Donna Strickland, a University of Waterloo professor, is one of three scientists to win the 2018 Nobel Prize in physics, for her innovative work in the study of laser physics. The associate professor, age 59, is only the third woman to ever win the Nobel Prize in physics, following Marie Curie and Maria Goeppert-Mayer. She is also the first Nobel laureate at the University of Waterloo. She received her praise for developing the “chirped pulse amplification technique,” described by Sweden’s Royal Academy of Sciences as “generating high-intensity, ultrashort optical pulses.” Canada is a place where many innovative people live. CanadianVisaExpert and its team of professionals can help you apply for the visa needed to live and work in Canada where these kinds of creative people are making new discoveries.
Strickland, a native of Guelph, developed the invention while finishing her Ph.D. at the New York University of Rochester. She has decided to share half of her winnings, $1.01 million, with her co-inventor, French physicist Gerard Mourou, and her doctoral adviser. Strickland, who graduated from McMaster University in 1981 with a degree in engineering physics, said she and Mourou were aware they were finding something big in 1982 when they started researching a way to allow lasers to work that high-intensity, ultra-short pulses without causing harm to the equipment.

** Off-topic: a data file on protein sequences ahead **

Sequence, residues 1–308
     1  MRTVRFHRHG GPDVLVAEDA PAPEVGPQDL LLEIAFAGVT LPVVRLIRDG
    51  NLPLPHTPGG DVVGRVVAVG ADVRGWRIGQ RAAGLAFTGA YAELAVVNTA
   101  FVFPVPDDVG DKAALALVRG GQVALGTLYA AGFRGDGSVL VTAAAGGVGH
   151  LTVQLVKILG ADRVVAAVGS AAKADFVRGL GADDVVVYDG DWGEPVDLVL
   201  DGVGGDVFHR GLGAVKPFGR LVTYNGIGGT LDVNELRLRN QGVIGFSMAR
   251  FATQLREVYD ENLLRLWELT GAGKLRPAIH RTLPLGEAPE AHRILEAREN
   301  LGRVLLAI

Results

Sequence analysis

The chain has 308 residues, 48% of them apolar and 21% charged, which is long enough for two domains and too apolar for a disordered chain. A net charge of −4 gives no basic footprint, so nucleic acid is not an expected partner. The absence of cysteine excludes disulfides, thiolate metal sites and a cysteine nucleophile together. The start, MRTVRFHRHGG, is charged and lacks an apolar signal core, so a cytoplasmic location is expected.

She recalled Mourou’s advice to speak up about their accomplishment and share that the gigawatt laser they had developed would pave the way for other devices a million times more powerful in the future. She said, “I knew he was right.” She went on to say how proud it seemed for her to be telling the fact in front of the experts. The prediction did become a reality about a decade later. If you are considering relocating to Canada, contact CanadianVisaExpert for help with the immigration process.